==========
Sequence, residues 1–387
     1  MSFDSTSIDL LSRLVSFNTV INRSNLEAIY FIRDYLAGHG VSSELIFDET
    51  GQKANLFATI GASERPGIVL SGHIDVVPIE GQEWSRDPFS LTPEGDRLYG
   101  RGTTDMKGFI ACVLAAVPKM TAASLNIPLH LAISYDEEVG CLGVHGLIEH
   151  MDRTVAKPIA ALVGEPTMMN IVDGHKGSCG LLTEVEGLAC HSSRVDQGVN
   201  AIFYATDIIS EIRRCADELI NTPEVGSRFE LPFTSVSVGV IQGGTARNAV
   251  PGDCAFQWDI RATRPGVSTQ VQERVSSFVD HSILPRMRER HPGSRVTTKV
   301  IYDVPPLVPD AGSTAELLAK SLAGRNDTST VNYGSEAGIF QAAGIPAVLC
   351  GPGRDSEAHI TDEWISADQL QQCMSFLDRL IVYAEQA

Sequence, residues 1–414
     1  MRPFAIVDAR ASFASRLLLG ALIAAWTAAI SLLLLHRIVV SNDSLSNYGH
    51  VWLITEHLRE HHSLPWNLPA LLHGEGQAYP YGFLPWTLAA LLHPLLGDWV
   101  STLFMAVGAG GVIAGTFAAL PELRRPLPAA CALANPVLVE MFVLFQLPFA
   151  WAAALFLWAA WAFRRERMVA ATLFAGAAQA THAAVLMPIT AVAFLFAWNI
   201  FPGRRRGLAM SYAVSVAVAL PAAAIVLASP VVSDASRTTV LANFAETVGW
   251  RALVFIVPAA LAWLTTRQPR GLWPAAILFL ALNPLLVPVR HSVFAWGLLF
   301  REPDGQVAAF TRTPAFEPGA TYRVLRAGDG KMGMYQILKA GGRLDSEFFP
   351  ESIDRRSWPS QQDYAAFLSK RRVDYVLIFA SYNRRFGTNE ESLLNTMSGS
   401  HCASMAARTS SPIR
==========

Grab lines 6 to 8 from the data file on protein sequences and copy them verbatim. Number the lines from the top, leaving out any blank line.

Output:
   201  AIFYATDIIS EIRRCADELI NTPEVGSRFE LPFTSVSVGV IQGGTARNAV
   251  PGDCAFQWDI RATRPGVSTQ VQERVSSFVD HSILPRMRER HPGSRVTTKV
   301  IYDVPPLVPD AGSTAELLAK SLAGRNDTST VNYGSEAGIF QAAGIPAVLC